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Police arrest 23 in Hennepin County sex trafficking operation

Plus: House moves to bolster Minnesota’s abortion refuge status; demand for food shelves high; snow totals hit double digits for fifth consecutive month; and more.

For KSTP-TV Cory Knudsen reports, “Around two dozen people were arrested last week in a sex trafficking operation in Hennepin County, local law enforcement leaders announced Monday. Monday afternoon, Bloomington Police Chief Booker Hodges said a total of 23 men were arrested on March 15 and 16 and a 24th man is under investigation. According to Hodges, the men all responded to an advertisement that showed pictures of an undercover officer seeking prostitution services from a sex worker. All the men arrested were booked at the Bloomington Police Department and were released pending charges.”

At the AP Steve Karnowski tells us, “Minnesota is moving to fortify its status as a refuge for patients from restrictive states who travel to the state to seek abortions — and to protect providers who serve them. The state House on Monday passed a bill by a 68-62 vote to prohibit enforcement in Minnesota of laws, subpoenas, judgements or extradition requests from other states against people who get, perform or assist with abortions in Minnesota.”

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For KMSP-TV Cody Matz says, “Another month and another milestone reached here in the Twin Cities. With an additional half-inch or so of snow early on in the weekend, the metro has now topped 10 inches of snow accumulation this month. This marks the fifth consecutive month that snow totals have been in the double digits (10 inches or more) and that is the first time in history, dating back to 1884, this has occurred.”

Says Dana Thiede at KARE-TV, “A bike share program is leaving the city of Minneapolis, but wants to leave a little something behind to maintain the mission.  The Minneapolis City Council is set to vote Monday whether to accept a gift from Lyft Bikes and Scooters LLC and Nice Ride Minnesota that would officially transfer ownership of 244 lightweight locking stations so residents could secure their two-wheelers.”

In The Wall Street Journal, Dominique Mossbergen says, “A rare and often deadly fungus is spreading rapidly across the U.S., federal researchers said, raising pressure to find new treatments for severe fungal disease.  Candida auris, a fungus discovered about 15 years ago in Japan, infected at least 2,377 people in the U.S. in 2022, up from 53 in 2016, the Centers for Disease Control and Prevention said. Its swift spread into most states and more than 40 countries has prompted the CDC and World Health Organization to label it a growing threat to public health. Candida auris has a mortality rate of up to 60% and is particularly risky for people who are older or have compromised immune systems, the CDC said.”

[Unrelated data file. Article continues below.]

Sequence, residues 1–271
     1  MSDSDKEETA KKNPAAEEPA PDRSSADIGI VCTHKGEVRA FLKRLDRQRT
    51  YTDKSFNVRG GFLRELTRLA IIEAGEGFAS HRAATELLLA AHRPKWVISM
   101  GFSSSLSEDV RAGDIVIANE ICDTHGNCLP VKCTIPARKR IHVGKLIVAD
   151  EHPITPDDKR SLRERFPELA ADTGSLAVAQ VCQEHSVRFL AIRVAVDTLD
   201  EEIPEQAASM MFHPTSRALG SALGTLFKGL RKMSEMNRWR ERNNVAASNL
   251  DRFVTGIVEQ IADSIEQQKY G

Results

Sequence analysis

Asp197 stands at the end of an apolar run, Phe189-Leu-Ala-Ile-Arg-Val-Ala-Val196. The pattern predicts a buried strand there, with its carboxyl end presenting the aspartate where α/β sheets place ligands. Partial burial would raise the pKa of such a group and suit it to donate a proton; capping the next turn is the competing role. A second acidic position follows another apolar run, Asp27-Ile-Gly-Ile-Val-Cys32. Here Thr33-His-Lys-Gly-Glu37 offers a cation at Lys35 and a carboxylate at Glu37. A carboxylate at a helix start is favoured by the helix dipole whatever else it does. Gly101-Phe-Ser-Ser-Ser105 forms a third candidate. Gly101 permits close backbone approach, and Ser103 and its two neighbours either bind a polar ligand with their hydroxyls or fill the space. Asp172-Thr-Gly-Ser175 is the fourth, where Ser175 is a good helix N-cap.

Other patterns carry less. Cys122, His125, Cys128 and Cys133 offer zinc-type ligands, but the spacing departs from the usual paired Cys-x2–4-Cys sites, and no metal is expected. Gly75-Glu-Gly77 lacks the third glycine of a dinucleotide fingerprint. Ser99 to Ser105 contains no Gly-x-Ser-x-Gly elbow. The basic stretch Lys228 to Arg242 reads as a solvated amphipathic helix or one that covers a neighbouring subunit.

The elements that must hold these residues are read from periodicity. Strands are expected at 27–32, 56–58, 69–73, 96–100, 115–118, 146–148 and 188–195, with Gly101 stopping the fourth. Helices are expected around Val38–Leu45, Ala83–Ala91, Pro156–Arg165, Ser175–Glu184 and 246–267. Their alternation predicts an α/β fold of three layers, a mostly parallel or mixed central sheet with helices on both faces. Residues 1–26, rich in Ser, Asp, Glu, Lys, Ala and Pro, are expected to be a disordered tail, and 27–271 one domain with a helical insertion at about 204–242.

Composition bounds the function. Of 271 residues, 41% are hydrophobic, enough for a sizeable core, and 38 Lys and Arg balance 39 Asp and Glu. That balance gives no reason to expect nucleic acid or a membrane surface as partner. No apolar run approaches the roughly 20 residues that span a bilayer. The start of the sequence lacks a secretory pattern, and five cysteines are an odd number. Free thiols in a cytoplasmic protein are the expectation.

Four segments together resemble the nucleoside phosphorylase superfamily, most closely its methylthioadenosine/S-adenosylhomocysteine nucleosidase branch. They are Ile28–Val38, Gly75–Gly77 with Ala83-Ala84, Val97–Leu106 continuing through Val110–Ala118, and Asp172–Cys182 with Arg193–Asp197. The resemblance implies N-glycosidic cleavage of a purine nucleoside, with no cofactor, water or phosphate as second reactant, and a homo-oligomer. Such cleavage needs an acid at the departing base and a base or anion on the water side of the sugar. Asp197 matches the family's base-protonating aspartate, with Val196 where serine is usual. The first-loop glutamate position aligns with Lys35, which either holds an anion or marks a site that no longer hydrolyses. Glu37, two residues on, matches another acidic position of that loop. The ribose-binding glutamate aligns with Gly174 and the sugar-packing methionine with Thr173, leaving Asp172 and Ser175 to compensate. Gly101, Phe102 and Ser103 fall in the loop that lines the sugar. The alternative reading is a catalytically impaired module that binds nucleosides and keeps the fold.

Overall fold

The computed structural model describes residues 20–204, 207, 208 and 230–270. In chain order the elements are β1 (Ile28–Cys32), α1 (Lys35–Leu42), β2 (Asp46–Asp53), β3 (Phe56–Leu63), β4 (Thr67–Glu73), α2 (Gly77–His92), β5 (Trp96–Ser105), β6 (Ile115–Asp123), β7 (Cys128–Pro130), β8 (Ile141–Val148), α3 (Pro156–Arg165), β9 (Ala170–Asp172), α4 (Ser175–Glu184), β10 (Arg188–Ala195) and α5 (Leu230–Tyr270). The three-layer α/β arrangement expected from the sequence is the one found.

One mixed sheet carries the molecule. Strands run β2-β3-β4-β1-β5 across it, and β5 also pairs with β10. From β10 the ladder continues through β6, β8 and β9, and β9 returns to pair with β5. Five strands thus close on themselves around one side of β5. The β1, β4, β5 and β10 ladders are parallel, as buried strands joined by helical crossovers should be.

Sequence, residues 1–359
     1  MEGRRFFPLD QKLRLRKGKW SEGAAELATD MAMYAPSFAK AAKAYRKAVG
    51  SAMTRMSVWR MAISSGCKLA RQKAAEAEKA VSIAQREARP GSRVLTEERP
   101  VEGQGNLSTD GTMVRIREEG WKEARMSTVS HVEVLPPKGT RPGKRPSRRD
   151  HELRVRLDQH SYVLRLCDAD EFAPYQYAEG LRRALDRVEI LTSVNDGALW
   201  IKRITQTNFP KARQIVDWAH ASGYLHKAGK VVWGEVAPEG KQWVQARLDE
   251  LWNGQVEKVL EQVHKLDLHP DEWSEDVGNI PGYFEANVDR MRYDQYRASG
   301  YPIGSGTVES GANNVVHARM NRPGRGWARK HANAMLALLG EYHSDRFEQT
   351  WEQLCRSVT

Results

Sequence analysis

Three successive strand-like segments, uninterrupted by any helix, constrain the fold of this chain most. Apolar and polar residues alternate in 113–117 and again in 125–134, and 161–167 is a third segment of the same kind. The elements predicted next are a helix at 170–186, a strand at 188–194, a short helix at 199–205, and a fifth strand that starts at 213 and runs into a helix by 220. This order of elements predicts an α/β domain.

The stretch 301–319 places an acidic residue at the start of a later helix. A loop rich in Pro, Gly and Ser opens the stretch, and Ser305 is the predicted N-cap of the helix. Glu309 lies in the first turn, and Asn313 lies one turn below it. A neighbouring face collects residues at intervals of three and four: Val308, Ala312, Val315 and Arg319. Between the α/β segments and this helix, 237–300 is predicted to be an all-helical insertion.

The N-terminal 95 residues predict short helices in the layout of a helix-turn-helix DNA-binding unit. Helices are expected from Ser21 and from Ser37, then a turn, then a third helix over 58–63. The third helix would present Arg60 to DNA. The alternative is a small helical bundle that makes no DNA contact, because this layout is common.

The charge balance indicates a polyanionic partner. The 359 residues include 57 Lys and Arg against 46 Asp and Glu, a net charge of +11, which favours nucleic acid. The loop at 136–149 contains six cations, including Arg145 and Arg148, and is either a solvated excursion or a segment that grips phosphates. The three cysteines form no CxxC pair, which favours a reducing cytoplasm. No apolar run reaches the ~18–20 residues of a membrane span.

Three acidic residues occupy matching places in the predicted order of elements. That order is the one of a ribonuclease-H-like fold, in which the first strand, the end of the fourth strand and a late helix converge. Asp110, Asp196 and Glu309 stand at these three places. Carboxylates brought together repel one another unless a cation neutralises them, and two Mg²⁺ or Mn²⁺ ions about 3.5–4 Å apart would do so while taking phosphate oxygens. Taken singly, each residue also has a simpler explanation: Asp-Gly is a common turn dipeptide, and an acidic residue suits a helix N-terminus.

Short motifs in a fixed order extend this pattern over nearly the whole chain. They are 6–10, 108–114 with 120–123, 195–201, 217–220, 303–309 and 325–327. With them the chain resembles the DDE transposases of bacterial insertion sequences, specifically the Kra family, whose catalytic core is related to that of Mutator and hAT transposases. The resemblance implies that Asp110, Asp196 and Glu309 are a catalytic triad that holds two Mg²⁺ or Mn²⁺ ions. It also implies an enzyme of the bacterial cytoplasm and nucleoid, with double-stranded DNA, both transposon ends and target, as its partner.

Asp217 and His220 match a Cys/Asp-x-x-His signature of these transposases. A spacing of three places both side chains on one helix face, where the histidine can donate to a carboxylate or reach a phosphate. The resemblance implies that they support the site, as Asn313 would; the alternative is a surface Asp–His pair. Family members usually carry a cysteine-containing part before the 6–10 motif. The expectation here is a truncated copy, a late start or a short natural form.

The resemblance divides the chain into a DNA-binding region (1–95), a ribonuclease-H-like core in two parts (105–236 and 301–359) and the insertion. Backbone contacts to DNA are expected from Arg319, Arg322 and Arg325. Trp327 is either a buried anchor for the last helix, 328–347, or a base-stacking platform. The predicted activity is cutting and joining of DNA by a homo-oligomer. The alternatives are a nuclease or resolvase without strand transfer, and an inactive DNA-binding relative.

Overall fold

Stribber Kelly Smith says, “The phone lines constantly ring at the ICA Food Shelf in Minnetonka, as a growing number of Twin Cities residents seek help. But for ICA and other food shelves across Minnesota, the need is only expected to climb. The state recorded a record number of food shelf visits last year, but nonprofits are bracing for even higher numbers as COVID-19 federal aid payments subside. This month, food shelves and churches from Two Harbors to Tracy are calling for extra help as they restock ahead of the anticipated spike in demand.”

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For BringMeTheNews Adam Uren says, “All-inclusive vacations are something we would typically associate with the Caribbean or the Baja Coast, but there’s one in Minnesota that’s been deemed worthy of national attention. National travel site The Points Guy has compiled a list of the 16 best all-inclusive resorts in the United States, and includes Fair Hills Resort southwest of Detroit Lakes among its picks.”